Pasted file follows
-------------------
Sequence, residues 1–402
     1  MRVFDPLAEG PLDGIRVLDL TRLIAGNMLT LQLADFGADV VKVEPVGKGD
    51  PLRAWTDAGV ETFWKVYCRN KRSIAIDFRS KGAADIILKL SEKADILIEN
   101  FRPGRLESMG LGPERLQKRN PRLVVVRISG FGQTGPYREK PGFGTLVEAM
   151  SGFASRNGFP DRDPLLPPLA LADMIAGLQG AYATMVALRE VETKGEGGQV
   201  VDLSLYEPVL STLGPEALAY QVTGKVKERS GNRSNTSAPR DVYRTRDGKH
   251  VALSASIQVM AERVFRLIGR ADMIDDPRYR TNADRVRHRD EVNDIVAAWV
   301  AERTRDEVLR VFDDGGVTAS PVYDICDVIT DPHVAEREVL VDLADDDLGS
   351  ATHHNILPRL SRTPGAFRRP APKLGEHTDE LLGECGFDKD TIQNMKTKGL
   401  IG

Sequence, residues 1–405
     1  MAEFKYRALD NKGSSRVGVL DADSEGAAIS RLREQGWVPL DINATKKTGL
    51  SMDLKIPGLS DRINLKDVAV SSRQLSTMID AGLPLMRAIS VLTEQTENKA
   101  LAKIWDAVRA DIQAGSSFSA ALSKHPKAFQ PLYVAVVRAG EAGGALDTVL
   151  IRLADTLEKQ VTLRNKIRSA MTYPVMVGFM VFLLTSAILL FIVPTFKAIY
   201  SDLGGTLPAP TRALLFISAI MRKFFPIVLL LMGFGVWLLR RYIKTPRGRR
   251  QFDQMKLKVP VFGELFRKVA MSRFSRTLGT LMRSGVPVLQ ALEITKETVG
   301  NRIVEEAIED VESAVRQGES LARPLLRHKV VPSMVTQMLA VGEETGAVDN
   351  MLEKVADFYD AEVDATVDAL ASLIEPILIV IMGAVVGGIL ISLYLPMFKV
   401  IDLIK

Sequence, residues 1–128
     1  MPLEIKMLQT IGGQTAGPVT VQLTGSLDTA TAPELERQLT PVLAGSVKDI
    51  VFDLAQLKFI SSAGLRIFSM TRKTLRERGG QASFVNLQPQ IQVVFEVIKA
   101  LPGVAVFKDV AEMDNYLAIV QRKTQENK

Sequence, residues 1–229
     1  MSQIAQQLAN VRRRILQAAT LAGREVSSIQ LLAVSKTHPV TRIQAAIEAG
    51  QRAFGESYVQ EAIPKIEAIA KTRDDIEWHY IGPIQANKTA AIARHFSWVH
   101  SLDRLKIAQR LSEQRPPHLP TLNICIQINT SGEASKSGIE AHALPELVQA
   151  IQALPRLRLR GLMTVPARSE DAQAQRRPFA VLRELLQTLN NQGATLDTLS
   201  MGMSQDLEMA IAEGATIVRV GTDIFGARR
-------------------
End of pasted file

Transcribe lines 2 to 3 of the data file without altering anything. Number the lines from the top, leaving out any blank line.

     1  MRVFDPLAEG PLDGIRVLDL TRLIAGNMLT LQLADFGADV VKVEPVGKGD
    51  PLRAWTDAGV ETFWKVYCRN KRSIAIDFRS KGAADIILKL SEKADILIEN